The U.S. House voted to ban the slaughter of horses for meat. Arguments for the ban: 1) Unlike cattle, "horses are American icons." 2) "They're as close to human as any animal you can get." 3) They're like pets. 4) They're smart, hardworking, and good companions. 5) Our treatment of them reflects our "core values." Arguments against it: 1) Keeping useless horses alive is too expensive. 2) If we don't let owners "process" their horses, they'll leave the poor beasts to suffer and die slowly. 3) If we don't slaughter the horses, Mexican and Canadian plants will take our market share. 4) If we let the gummint ban horse slaughter, next it'll mess with the beef, pork, and poultry bidness. (For Human Nature's take on horses and animal slaughter, click here.)

Brain scans suggest a woman diagnosed as "vegetative" is actually conscious. Evidence: "When asked to imagine playingtennis or moving around her home, the patient activated predictedcortical areas in a manner indistinguishable from that of healthyvolunteers." Pro-life spin: Terri Schiavo was murdered! Skeptical reactions: 1) This woman showed signs of minimal consciousness within a year; Schiavo suffered far worse brain damage and showed no consciousness for 15 years. 2) Nobody in a persistently vegetative state for two years has been shown to recover awareness. 3) Don't use this case to raise false hopes for families of PVS patients. Moderate reactions: 1) We'd better rethink our practice of judging people by their ability to communicate. 2) Give them all brain scans. (For Human Nature's takes on the Schiavo case, click here, here, and here.)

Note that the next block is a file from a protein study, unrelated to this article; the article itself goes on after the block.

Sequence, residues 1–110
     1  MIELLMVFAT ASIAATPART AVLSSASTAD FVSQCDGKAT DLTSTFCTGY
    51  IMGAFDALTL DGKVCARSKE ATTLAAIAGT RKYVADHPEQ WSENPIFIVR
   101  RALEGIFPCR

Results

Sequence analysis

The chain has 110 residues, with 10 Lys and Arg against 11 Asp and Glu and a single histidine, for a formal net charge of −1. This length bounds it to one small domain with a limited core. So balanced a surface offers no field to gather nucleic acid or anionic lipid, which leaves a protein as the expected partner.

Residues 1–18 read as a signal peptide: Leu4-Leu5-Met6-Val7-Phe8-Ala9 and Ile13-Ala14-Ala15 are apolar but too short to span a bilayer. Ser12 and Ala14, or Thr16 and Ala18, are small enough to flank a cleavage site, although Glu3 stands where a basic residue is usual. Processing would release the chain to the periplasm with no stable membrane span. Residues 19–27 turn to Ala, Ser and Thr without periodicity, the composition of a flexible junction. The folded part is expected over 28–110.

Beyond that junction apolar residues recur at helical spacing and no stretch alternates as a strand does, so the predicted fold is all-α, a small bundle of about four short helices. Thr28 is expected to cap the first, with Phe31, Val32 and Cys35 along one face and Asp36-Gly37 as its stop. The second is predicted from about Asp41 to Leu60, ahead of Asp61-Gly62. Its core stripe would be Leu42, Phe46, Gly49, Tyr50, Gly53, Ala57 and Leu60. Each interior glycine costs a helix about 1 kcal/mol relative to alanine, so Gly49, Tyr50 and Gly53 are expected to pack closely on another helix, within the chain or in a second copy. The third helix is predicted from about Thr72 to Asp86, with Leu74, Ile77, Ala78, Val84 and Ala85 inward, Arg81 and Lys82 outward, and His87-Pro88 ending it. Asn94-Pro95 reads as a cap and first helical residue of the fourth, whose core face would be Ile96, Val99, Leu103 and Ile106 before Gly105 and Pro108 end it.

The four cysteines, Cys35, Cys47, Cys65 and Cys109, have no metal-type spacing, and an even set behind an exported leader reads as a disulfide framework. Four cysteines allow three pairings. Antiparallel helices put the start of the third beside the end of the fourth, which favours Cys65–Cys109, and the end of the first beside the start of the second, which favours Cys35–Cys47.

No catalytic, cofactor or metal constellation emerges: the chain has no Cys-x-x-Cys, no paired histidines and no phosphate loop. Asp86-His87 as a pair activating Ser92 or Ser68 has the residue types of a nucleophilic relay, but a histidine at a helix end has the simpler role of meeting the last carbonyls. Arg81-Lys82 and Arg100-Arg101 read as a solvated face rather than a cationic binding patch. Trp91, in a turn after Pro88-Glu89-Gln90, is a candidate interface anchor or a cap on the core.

A new drug delays premature ejaculation. The drug, an SSRI called dapoxetine, was tried on a sample of men who previously ejaculated, on average, less than one minute after vaginal penetration. A moderate dose delayed ejaculation to 2.78 minutes; a double dose delayed it to 3.32 minutes. Bonus finding: A placebo doubled average endurance to 1.75 minutes. Downside: "Side effects of the drug included nausea, diarrhea, headache and dizziness." Old medical spin: By preventing ejaculation, SSRIs emasculate men and harm sexual relationships. New spin: By preventing ejaculation, SSRIs empower men and improve sexual relationships. (For Human Nature's previous update on an anti-ejaculation cream, click here.)

Aging may be nature's way of preventing cancer. A gene that inhibits cancer appears to do so by preventing adult stem cells from multiplying. As you age and become more cancer-prone, the gene makes multiplication harder and harder. Result: Your body stops repairing itself, and you die. The good news: Aging isn't inevitable wear and tear. The bad news: Aging is programmed, and if we block the program, we'll get cancer. Optimistic spin: Maybe we can avoid both by learning to switch the program off and on. Political spin: Adult stem cells will never be as effective as embryonic stem cells. (For Human Nature's takes on the stem-cell debate, click here, here, here, and here.)